Football Illegal Forward Handoff Penalty
In football, a player on the offense is permitted to throw the ball forward only once during a play. Once the ball has been thrown forward it can not be thrown or handed off forward. If a player gives the ball to a teammate who is in front of them after a forward pass, this is known as an illegal forward handoff. The result of the play is a five yard penalty from the original spot of the ball on the offense and a loss of down.
An illegal forward handoff in football is called when a player who has already caught a forward pass hands the ball off in a forward direction to one of their teammates. This penalty is different from an illegal forward pass because the player with the ball would be handing it off to their teammate, not attempting a second forward pass.
If a player catches a forward pass, they can only attempt to give the ball to teammates via backwards passes or a lateral. This is commonly seen late in the game when a team is too far from the end zone to throw a hail mary, but if a handoff is given to a player who is in front of the ball, an illegal forward handoff penalty will be called. Players on the professional level typically have enough awareness to not commit this penalty, making it one of the more rare calls to be seen. However, when it does happen it is usually clear and obvious to the referee and an easy call to make.
Forward handoffs after a forward pass that have already been caught are illegal in football because the ball can only be advanced one time per play, and that advancement must be done behind the line of scrimmage. Forward handoffs are permitted behind the line of scrimmage as long as a forward pass has not already been thrown.
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An illegal forward handoff in football will result in a five yard penalty on the offense and a loss of down. This penalty cannot be called on the defense, as defenders do not have the opportunity to pass the ball. The five yard penalty is deducted from the original line of scrimmage. It is not a very costly penalty, but it is one you do not want to see called on your team.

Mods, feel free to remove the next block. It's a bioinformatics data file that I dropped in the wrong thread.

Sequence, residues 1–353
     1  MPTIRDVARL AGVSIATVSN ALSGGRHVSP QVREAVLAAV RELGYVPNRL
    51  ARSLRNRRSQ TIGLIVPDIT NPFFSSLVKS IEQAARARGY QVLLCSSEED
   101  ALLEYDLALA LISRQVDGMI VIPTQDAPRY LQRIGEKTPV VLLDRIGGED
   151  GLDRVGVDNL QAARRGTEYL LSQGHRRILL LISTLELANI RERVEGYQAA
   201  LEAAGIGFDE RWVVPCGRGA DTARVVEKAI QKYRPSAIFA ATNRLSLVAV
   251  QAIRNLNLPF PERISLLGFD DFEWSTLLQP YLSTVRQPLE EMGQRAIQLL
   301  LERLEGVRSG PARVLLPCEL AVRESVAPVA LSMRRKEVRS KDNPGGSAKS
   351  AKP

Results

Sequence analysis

When calling an illegal forward handoff, the referee will put their right hand behind their back and keep their left arm at their side to signal the penalty.
- The quarterback completes a pass downfield to a receiver. Then the receiver proceeds to hand the ball to another member of their team who is standing in front of him. The action by the receiver is an illegal forward handoff.
- A running back is given a legal handoff and has taken the ball down the field. If the player hands the ball off in a forward direction, the penalty is called because the player has already crossed the line of scrimmage and can not move the ball forward.
- A player fields a kick return and is running it down the field. If the player hands the ball off ahead of them, it is an illegal forward handoff, even on a kick return.
What is an illegal forward handoff penalty in football?
An illegal forward handoff penalty occurs whenever a football player on the offensive team hands off the ball in a forward direction to one of their teammates after they have already caught a forward pass. Once a player receives a forward pass in football, they can only hand it off to a teammate in a lateral or backwards direction, or attempt to run forward with the ball. This is because the rules of football only allow one forward pass or advancement of the ball per play, which must occur behind the line of scrimmage.
What are the consequences of an illegal forward handoff penalty?
In the NFL, the penalty for an illegal forward handoff is a five-yard loss for the offense, which is deducted from the original line of scrimmage. This penalty also results in a loss of down for the offense, meaning that whichever down the previous play was, the following play will be the next down in the cycle.
Can you challenge an illegal forward handoff penalty in football?
Illegal forward handoff penalties in football are reviewable, which means they are able to be challenged by coaches. Illegal forward handoffs are listed in the rulebook under plays that are reviewable by the replay official and by a coach’s challenge.